My doctoral project seeks to explore the relationship between object and illness by means of a novel, Brodie, and a collection of essays and images entitled, Subject-Verb-Object.
Brodie is narrated by an object (a copy of The Prime of Miss Jean Brodie). The story spans 30 years, from 1988 until 2018 and begins with the eponymous narrator being given to Violet Munro by her Aunt Sandra as a sixteenth birthday gift. The novel seeks to function as a metaphor for the experience of life with multiple sclerosis. Brodie’s experiences mirror something of my own: of the period of unwelcome intervention, confinement and oddness an MS relapse will inevitably bring. Hungry for information, Brodie is able to see, hear, smell, intuit and can communicate with other objects. Our narrator is, however, limited in that she/he (Brodie has no fixed gender) cannot move unaided. This existence may be marked by limitation and a lack of control, but it is full and vital thanks to Brodie’s keen interest in the lives and stories of others. Betrayal – a nod to my body’s inclination towards treachery – is a theme that, in common with The Prime of Miss Jean Brodie, threads through the novel. However, it is Brodie’s longing to return home to Violet (life before) that drives the narrative. A desire that, without the help of others, Brodie is powerless to satisfy.
The creative/critical element of my project is an examination of three medical objects: an MRI scanner, a hypodermic needle and a medical plinth. Each object holds significance in that it will likely be encountered during the process of being diagnosed with MS. Each also holds personal significance for me as in the last twelve years I have had a lumbar puncture, five MRI scans and what feels like gallons of blood drained from my veins. Through a series of essays, I interrogate the history, development and use of each object. These essays will ultimately be accompanied by interviews and images, which will further scrutinise the relationship between medical object and medical subject.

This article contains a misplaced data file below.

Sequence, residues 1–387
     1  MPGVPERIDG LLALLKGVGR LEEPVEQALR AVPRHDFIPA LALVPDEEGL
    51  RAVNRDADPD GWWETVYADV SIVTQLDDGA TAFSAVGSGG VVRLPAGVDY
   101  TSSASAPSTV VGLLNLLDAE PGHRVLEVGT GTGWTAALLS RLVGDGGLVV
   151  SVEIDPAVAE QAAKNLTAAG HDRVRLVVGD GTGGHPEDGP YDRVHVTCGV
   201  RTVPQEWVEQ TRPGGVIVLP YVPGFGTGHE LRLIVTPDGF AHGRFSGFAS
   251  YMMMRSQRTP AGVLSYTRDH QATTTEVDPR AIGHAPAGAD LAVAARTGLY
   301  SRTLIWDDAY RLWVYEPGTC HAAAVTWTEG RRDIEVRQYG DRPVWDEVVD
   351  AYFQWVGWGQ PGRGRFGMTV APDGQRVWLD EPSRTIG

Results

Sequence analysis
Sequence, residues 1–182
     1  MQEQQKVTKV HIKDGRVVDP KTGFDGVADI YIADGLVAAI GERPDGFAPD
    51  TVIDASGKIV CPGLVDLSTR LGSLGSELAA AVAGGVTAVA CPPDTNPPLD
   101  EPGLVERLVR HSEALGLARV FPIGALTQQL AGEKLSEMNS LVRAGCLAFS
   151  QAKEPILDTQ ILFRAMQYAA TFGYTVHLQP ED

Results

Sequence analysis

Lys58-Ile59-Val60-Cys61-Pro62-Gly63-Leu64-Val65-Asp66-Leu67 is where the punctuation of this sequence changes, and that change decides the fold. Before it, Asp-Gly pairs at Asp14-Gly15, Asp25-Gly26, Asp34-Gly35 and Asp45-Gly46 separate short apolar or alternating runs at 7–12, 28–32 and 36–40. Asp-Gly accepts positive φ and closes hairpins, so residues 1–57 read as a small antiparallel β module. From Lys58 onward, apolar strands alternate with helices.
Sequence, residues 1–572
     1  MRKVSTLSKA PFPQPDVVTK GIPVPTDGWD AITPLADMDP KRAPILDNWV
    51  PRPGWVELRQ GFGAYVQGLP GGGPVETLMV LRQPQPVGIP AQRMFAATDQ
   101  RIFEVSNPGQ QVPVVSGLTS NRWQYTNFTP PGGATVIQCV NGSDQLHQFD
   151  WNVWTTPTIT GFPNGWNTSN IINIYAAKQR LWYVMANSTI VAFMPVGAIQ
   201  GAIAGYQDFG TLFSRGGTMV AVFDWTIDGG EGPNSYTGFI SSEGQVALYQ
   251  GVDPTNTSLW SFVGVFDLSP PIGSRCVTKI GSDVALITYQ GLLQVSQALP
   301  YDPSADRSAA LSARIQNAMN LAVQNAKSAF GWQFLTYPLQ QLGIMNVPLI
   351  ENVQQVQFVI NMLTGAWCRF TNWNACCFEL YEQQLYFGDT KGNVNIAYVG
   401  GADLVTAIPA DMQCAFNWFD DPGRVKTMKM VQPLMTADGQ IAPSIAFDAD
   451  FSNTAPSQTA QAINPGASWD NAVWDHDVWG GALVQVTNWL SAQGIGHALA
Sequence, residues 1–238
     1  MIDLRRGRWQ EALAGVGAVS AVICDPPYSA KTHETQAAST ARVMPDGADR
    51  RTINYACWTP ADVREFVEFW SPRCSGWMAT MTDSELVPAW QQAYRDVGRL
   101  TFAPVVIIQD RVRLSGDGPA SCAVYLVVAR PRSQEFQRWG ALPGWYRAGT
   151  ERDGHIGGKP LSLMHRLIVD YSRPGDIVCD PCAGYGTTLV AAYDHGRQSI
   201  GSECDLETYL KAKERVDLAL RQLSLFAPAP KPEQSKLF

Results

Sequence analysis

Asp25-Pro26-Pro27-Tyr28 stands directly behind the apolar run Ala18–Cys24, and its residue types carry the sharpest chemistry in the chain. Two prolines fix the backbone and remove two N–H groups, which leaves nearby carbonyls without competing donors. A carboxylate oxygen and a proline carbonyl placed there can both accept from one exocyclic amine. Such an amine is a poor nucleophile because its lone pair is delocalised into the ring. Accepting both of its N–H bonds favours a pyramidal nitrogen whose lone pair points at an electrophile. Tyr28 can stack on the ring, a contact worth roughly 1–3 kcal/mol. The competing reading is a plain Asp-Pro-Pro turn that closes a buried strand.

To help unite the two elements of my project I have written a personal essay, “There’s an Elephant in my Jam Jar”, to help explore my own experience of the way in which the animate and the inanimate can become confused in a medical setting. By doing so, I hope to expose the limitations of language and highlight the difficulty of trying to put into words the lived experience of neurological illness: the way in which, in the absence of le mot juste, it is often necessary to resort to the figurative.
 In linguistic typology Subject-Verb-Object (or SVO) denotes the basic word order in a typical declarative sentence in English: I hate needles. I like dogs. I write fiction.
 A note on the image: This is not in fact a head coil into which I have been clipped. Rather, it is one I encountered whilst on a tour of The Imaging Centre of Excellence at Glasgow’s Queen Elizabeth University Hospital. During this visit one of my supervisors, Dr Kate Reid, and I were fortunate to meet extremely gracious individuals who gave of their time to help me with my project.